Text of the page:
How it started…
This time last year, I clipped an article in the Wall Street Journal about the Des Moines Register’s Annual Great Bike Ride Across Iowa, or RAGBRAI. The ride begins each year on the banks of the Missouri river and ends 400 or 500 miles later on the banks of the Mississippi. What caught my attention in the story was the food. The pork chops, sweet corn, and pie served up in dozens of towns along the way make this the only weeklong bike ride where cyclists are expected to gain weight.
Of course, Iowa has been serving up a tasty feast for political reporters ever since Jimmy Carter’s White House campaign, just a few years after the first RAGBRAI in 1973. And over the years, the NPR political team has gorged on caucus campaigning—the candidate suppers, the church coffees, and the deep-fried offerings at the Iowa State Fair.
But this is different. RAGBRAI offers a chance to see the Iowa landscape at a slower pace than out the window of a rental car or a campaign bus. A chance to talk to Iowans about something other than the latest crop of presidential wannabes. And a chance to escape the sweltering heat and humidity of Washington in late July for the slightly less sweltering heat and humidity of Iowa!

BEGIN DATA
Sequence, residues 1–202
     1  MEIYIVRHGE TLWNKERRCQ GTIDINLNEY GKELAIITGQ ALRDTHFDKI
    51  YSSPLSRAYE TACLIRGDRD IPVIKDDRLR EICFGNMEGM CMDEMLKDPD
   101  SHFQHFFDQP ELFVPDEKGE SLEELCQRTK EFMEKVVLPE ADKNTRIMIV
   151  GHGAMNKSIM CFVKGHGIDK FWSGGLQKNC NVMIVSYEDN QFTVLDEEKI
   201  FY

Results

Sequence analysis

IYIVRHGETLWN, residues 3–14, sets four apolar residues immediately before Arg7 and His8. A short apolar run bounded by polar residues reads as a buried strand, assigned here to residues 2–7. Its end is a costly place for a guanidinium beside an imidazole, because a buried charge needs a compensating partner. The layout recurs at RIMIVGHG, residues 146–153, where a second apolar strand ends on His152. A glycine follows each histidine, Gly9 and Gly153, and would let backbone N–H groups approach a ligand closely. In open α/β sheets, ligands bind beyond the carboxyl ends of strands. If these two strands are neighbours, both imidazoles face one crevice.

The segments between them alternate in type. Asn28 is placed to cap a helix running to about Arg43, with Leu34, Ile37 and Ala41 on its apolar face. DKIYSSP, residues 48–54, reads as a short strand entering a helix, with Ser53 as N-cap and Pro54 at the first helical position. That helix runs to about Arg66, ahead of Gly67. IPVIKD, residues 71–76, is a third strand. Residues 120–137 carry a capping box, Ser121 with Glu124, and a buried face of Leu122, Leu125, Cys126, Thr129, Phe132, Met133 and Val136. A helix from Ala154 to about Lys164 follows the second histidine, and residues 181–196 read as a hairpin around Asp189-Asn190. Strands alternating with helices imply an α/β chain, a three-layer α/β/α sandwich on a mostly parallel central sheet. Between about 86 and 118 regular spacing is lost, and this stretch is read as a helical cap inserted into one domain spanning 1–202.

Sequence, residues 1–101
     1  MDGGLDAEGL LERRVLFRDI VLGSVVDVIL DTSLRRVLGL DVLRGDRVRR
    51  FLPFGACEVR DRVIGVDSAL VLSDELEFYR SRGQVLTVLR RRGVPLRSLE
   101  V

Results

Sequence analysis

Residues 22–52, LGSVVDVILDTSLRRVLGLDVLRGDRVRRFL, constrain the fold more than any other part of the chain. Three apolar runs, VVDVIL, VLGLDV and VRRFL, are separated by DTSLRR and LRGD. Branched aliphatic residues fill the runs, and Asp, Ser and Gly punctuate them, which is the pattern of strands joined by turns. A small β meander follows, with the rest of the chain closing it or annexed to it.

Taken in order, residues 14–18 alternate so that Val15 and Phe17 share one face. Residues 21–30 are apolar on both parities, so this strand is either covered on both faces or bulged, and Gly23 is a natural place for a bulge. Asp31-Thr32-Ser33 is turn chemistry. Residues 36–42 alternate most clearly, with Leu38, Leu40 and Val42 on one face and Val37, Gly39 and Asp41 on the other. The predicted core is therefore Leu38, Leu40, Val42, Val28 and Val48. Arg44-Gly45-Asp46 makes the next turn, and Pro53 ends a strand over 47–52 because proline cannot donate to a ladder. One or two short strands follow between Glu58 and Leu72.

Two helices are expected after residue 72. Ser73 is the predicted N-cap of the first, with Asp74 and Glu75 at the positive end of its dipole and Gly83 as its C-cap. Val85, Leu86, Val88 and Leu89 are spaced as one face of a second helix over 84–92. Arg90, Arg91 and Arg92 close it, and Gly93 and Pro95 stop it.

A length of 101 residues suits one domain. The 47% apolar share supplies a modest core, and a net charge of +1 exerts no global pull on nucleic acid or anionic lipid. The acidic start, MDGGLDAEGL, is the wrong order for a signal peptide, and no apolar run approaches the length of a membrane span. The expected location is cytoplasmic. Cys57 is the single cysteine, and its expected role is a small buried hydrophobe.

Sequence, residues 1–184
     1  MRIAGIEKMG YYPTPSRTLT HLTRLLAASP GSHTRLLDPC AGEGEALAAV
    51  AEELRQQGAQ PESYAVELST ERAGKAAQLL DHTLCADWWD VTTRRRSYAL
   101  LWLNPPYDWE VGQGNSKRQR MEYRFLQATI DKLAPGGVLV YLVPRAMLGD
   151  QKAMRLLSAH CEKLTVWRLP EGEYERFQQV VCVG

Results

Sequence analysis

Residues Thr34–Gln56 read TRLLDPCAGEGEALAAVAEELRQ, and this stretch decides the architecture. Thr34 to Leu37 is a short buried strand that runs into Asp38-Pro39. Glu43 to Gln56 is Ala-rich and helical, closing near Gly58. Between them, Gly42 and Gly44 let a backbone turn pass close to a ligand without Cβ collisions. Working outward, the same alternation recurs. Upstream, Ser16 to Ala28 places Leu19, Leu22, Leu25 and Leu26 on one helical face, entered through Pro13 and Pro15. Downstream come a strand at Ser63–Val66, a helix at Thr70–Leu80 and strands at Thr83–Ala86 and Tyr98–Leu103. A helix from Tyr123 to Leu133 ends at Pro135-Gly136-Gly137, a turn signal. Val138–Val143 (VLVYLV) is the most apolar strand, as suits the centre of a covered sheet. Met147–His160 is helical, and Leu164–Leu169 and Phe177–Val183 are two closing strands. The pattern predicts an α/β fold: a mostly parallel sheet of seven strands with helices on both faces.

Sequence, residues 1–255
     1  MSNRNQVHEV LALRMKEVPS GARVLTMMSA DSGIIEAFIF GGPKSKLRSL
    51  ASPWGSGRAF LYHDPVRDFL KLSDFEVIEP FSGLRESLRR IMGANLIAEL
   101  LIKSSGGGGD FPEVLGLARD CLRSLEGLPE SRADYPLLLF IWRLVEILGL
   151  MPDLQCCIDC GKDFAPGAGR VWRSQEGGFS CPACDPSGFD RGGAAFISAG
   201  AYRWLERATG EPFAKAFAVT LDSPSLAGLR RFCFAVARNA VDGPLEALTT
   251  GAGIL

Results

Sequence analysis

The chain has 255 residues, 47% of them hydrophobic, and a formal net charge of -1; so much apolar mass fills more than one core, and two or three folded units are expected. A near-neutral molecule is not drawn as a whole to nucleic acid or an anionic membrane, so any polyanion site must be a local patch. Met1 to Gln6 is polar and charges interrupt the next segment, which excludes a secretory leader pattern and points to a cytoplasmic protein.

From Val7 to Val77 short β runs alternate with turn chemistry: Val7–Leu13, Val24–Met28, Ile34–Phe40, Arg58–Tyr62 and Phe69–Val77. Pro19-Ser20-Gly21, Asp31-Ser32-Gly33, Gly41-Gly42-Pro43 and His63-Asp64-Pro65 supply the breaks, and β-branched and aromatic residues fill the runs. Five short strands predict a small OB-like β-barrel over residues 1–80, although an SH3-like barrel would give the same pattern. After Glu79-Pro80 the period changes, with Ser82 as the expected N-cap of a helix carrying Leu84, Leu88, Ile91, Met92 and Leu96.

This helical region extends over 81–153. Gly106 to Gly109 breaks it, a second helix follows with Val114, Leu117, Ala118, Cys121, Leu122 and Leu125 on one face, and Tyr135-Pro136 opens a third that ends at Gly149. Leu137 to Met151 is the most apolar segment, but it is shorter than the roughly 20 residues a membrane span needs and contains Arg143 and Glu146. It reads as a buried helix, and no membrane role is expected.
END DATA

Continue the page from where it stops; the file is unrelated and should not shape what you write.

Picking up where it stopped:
Who could resist?
So for the next week, NPR’s Don Gonyea, Brian Naylor, and I will throw our middle-aged legs and tummies into the challenge, ably assisted by our crack producer Arnie Seipel. We’re on vacation. Our editors bear no responsibility for this project. But we’ll be sharing photos, menus, and observations along the way. We call our team No Pie Refused (NPR). And we hope to provide an ample slice of the RAGBRAI experience.
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